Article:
I like meeting you in the crush of the underground. Everything is fair game then, passed off as an accident as the carriage sways round a corner or slams to a halt at a station. Mostly you don’t even notice when I touch you, slipping my hand across your buttocks or nudging your thigh. I dared a grasp of your breast once, maybe you recall that one. It became just a glance of the hand, a slight mis-estimation reaching for a hanging strap was how it looked to you, but it has sustained me through the many nights that I spend without you.
Do you remember where we first met? Perhaps you don’t realize that we have even met at all. It was at the conference in the hotel outside Nottingham. You presented a paper on engaging hard-to-reach clients for maximum profit. You engaged me fully that day and I recall every word of your presentation probably better than you do yourself. And I’d only attended because my boss couldn’t make it at the last minute and I wanted a day away from the office. I didn’t even plan on making a career in this industry.
The next day I began learning all I could about you and moving to London to be close to you was a pleasure. I wanted so much to work for Carter Matherson to be close to you every day, but I decided it might be too soon for that. So I applied to Gershways and settled for monitoring your progress from CM’s main competitor. I dreamed I would rise to the top, as you inevitably would, and you would notice me for my brilliance. You would be the one to make contact with me. We would unite the companies as GCM and live happily ever after.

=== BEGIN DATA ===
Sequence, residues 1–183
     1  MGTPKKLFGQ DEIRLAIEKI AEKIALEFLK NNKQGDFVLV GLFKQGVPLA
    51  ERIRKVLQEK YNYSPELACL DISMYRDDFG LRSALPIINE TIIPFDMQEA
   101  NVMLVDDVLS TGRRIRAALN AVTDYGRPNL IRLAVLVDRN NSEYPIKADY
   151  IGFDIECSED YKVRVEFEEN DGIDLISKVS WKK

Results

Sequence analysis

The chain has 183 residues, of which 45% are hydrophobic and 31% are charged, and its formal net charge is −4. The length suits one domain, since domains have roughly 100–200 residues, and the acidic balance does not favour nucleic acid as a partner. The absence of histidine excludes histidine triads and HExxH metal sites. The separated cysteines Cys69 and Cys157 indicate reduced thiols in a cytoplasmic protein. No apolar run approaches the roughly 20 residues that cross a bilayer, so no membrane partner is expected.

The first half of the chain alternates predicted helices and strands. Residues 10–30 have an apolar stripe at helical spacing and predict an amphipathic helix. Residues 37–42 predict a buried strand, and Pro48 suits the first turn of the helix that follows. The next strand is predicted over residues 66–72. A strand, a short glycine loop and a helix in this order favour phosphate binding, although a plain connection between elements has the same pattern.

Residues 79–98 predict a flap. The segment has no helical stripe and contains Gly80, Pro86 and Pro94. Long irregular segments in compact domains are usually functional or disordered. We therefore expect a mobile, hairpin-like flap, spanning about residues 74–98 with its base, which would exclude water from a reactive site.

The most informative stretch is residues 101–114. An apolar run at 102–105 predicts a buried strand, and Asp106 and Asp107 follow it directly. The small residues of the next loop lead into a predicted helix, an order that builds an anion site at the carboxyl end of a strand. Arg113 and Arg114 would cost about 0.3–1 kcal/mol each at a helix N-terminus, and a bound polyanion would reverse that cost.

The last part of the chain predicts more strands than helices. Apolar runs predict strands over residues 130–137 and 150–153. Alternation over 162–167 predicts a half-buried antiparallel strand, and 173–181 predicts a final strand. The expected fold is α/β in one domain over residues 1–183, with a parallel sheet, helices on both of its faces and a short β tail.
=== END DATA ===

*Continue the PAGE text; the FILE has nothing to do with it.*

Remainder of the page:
Until then I’m satisfying myself with being in your life on the fringes. I have the flat in the block opposite you. I’m two floors above but still have an excellent view especially when you are near the window in the bedroom. Twice I’ve been able to watch you take out a black bag to the refuse area and see exactly where you place it on the pile. I took each one back to my own flat and I kept every single thing in them. Everything. I have the letters safe in a file. The food waste I froze and bought a new freezer to keep it in. As the tissues become too ragged and begin to disintegrate, I seal each one in a clear plastic food bag and store them in the wardrobe.
I wonder if you ever see me as we head off for the station together but not every morning. Part of me hopes you think I’m just another commuter. Most of me wants you to recognize me and strike up a conversation. I have many witty remarks prepared for such an occurrence. One day I might mention the weather to you, if the day is indeed nice, but not just yet.
Today is my birthday. I think I’ll treat myself to another hanging strap.